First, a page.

What if we learned about language not by learning a complex (and in American English somewhat arbitrary and convoluted) ruleset through memorization and practice, but by creating languages and studying patterns? We have the tools to do this at our fingertips – but we don’t.

***

Read the rest of this entry »


Pi Day is coming!

March 11, 2014
One of the tastiest ways to celebrate Pi Day

One of the tastiest ways to celebrate Pi Day!

March 14th (3/14) is also known as Pi Day, an annual celebration commemorating the mathematical constant π.  Officially recognized by the US House of Representatives in 2009, Pi Day was first celebrated on a large scale in 1988 at the San Francisco Exploratorium.  Pi is a symbol used to represent the ratio of the circumference of a circle to its diameter, which is approximately 3.14159. Pi Day is a great way to break out of the winter doldrums by having fun with math!

Fun Fact:  Did you know that Pi Day is also Albert Einstein‘s birthday?

Math has escaped the classroom!  Check out the Pi Sightings page to see Pi everywhere.

Check out all these Pi Day activities:

Parents:  There are many math activities that can be done at home, but in talking with students and parents, the favorite way to celebrate Pi Day at home is by bringing some pi(e) to the dinner table.   Chicken pot pie, shephards pie and of course, pizza pie are all great choices for a pi-themed meal.   There are even more choices to finish off your meal with, as pie is definitely a family-favorite dessert.  Check out this great list of ideas for other edible (and non-edible) ways to celebrate Pi.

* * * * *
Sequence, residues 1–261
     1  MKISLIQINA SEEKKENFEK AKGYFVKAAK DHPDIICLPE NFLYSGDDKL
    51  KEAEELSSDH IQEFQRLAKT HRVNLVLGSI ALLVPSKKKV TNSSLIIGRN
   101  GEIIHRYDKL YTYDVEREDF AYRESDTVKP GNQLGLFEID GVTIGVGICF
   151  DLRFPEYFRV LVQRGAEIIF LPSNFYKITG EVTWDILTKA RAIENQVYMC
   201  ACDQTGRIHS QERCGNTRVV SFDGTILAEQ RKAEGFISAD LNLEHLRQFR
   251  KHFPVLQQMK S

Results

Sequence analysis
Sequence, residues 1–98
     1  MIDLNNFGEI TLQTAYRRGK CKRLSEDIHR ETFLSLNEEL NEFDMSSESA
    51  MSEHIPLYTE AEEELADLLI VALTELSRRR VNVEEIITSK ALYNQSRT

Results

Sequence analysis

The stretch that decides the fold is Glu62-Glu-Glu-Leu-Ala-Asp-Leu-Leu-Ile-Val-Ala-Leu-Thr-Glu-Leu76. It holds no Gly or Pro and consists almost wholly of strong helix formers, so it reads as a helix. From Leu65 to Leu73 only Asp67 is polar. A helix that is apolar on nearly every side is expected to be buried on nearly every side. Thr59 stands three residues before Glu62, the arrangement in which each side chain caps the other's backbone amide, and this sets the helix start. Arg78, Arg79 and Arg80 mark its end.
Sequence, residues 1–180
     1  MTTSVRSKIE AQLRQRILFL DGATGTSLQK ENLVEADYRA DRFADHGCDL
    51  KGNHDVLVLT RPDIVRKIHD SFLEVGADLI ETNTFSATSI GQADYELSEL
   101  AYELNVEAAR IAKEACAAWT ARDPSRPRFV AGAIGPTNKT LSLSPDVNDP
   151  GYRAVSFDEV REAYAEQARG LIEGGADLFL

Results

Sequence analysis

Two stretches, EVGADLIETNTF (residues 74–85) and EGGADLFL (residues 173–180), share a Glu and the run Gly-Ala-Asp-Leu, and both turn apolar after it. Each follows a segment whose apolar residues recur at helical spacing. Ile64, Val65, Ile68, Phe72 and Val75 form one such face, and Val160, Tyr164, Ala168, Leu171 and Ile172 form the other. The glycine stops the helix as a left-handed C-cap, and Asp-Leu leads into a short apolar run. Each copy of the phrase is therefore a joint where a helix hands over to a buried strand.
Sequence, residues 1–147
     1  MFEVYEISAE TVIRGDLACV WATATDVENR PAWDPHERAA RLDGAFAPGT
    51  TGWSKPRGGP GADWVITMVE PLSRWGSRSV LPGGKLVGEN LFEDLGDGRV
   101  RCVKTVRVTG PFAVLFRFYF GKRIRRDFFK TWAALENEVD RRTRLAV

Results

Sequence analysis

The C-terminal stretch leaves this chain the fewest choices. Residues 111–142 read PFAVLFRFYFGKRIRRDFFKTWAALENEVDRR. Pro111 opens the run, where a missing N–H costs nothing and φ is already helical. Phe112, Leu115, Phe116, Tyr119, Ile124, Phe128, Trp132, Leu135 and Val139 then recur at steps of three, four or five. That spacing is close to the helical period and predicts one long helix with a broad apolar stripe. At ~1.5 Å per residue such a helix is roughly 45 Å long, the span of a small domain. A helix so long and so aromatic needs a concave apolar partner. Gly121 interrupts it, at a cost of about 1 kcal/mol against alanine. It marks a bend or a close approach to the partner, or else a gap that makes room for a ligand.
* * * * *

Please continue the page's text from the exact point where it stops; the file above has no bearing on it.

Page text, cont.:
Other fun ways to celebrate at home include taking a family walk, jog or bike ride for 3.14 miles.  NY Weather not cooperating?  Hop in the car for a short 3.14 mile drive.  Locally, The Rochester Museum and Science Center has special Pi Day activities from  3:14 – 6:28 pm on Friday.  If you can’t make it on Friday, they will have the same activities on Saturday and Sunday from 12-4.

Teachers:  Find grade-specific activities at Education World.  Want to include some Pi Day fun into your ELA classes?  Try writing a Pi-ku,  a math version of the traditional 5-7-5 syllabic haiku. A Pi-ku of course, follows a 3-1-4 syllabic pattern.

Fun pi t-shirt from www.zazzle.com

Fun pi t-shirt from http://www.zazzle.com

For example:

Math is fun
When
Mixed with some pie

See this fun idea along with 4 others in the HOMEROOM (US Dept. of Ed blog).

A look ahead to next year: In the year 2015, Pi Day will have special significance on 3/14/15 at 9:26:53 a.m. and p.m., with the date and time representing the first 10 digits of pi.

Need more ideas?  Visit the Pi Day website and Teach Pi website  for many more ideas and resources.